Aesthetic Materialism, part 2: Escapism

Aesthetic Materialism, part 2
[click here to see part 1]

Every time another science fiction movie or comic book hero movie comes out, it's pundits' job to tell us that our culture is "escapist".  Another way to think of materialism is to ask: what is escapism escaping from?

Work?  Think of the phenomenon of "grinding" in video games.  Many video games require the player to perform the same action over and over again, more or less identically, for many hours at a time, in a manner that closely resembles work.  In some games, the player's character actually goes to work and does labor - fictitious labor, for fictitious bosses, to earn fictitious money, but which requires real time and effort and occasionally causes repetitive stress injuries in players' hands (who knows what it's doing to their minds).  This labor is forever being abstracted, quantified, supervised by software, tested, judged, and assigned a value, whether points in a score or game gold or "experience".  Capitalist labor seems to extend outside of its portion of the day and replicates itself in the world of leisure. 

I was watching the news just now, and a sports reporter was talking about the football players who are taking a knee to protest, among other things, the murderous brutality of the police toward African-Americans all over this country.  Having interviewed team owners and the NFL head honchos, he says that their position is that football is all about escape.  He sympathizes.  The rest of his reporting is about politics, but football is supposed to be fun, and here he is, talking about football, and right there, staring him in the face, is exactly what he was supposed to be escaping from: politics.  So is that it?  Is the material world the one that has politics in it?  Is it the world where people are trying to control each other?

Of course the news, nowadays, can be a form of escapism as well.  Politics can be a kind of escapism.  It can even be a fantasy - isn't that obvious when we look at every conspiracy theory, every speech from every politician that, however subtly or overtly, casts the latest political marketing scheme as a final battle between good and evil (usually in the form of an election that matters more than any election has ever mattered before)?  Isn't it the chief characteristic of our contemporary world that politics has become a kind of reality television, a gossipy scandalous drama, one that we can't look away from, a guilty pleasure, an addictive soap opera?  The attempt to escape from the world of politics and control has produced a world controlled by the politics of escape.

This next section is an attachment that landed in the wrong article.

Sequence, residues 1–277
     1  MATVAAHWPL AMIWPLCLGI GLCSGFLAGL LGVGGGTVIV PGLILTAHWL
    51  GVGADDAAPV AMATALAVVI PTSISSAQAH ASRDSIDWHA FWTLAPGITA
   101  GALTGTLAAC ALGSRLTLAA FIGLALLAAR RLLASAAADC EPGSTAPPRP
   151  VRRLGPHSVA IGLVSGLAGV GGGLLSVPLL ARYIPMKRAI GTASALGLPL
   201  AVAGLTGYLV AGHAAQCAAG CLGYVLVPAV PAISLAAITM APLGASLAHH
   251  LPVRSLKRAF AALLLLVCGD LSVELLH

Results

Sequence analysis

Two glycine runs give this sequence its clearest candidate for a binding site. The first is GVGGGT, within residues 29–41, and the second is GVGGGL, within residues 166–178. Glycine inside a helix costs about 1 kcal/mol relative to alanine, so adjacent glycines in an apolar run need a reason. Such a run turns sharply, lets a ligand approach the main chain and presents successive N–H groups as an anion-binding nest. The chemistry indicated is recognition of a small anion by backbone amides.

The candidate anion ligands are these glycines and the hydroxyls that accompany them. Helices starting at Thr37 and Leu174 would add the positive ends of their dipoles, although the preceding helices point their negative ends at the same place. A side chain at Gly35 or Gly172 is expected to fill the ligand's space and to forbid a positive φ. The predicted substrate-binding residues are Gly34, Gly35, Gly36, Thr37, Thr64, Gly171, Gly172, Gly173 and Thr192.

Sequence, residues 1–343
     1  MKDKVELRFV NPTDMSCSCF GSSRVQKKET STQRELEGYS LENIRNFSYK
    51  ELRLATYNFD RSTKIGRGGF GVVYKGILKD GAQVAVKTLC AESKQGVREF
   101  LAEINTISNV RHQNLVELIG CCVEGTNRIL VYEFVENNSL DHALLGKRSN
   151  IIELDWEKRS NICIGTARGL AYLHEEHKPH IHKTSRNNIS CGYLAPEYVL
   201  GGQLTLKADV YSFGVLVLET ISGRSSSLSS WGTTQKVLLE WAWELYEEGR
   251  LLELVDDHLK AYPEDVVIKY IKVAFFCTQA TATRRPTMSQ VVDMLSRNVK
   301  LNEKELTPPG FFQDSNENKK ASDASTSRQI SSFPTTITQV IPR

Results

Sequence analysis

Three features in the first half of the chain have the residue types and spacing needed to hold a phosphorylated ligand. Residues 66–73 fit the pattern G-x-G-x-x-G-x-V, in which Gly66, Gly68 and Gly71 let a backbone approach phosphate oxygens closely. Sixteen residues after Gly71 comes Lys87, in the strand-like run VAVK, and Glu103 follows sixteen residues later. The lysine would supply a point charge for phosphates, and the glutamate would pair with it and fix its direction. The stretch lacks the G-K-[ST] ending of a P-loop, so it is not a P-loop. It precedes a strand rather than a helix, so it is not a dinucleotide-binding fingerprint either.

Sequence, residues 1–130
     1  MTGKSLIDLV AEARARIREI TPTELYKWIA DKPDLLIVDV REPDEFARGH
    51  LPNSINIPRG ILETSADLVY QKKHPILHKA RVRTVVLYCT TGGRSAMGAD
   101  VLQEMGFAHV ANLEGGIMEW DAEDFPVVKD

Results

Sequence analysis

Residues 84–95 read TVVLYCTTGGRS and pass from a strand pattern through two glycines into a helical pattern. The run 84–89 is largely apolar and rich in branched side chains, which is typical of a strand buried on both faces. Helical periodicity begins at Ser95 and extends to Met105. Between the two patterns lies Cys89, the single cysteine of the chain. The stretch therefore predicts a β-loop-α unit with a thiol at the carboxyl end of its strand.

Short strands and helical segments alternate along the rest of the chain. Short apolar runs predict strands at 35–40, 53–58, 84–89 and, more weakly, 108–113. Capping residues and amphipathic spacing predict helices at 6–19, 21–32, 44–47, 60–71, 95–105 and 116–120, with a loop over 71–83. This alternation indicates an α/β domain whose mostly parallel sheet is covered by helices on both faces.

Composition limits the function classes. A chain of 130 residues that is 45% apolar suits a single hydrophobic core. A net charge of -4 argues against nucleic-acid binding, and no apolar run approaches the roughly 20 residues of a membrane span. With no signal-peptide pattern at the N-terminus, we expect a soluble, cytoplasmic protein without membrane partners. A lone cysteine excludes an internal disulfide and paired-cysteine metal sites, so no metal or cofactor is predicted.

Cruelty can be a kind of escape now, too - just look at everything from porn to game shows in which contestants are brutally humiliated and degraded, their lives ruined as they are cajoled into marrying, cheating, and fighting, soullessly repeating their mantra that they are "not here to make friends," that they are "here to win."  Even pain can be an escape, as every masochist knows.

To throw some Levinasian jargon on it, we could put it this way: what escapism is attempting to escape from is the gaze of the other.  The material world, then, in Levinas's terms, is the ethical world.  The fantasy world is the one that you see; the material world is the one in which you are seen.  We wish to be mere spectators - invisible, bodiless, timeless, lifeless, selfless.  What we wish to avoid is the burden of having a self, of being a person, an ego, a locus of responsibility embedded and enmeshed in a web of personal obligations.  It's okay if you have obligations to fictional characters, quests assigned by wizards or teammates, even if they are avatars of your friends.  What is unbearable is your actual relationships between your actual self and other actual people.

This can help sharpen the distinction between ethics and morality.  Moralizing can certainly be an escape.  What is more entertaining than judging people?  Every latest scandal by every celebrity and every victim of day time talk shows affords us the opportunity to join in the fun of castigation - it's every bit as delightful as a witch burning or a stoning.  On the other side of the coin, the figure of the hero - the moral exemplar - is the very center of all escapist fiction.  But ethics can never be an escape.

Anyway, these forms of escape are just as material as what they appear to escape from.  There is no escape from the material world.

 --> on to Part 3

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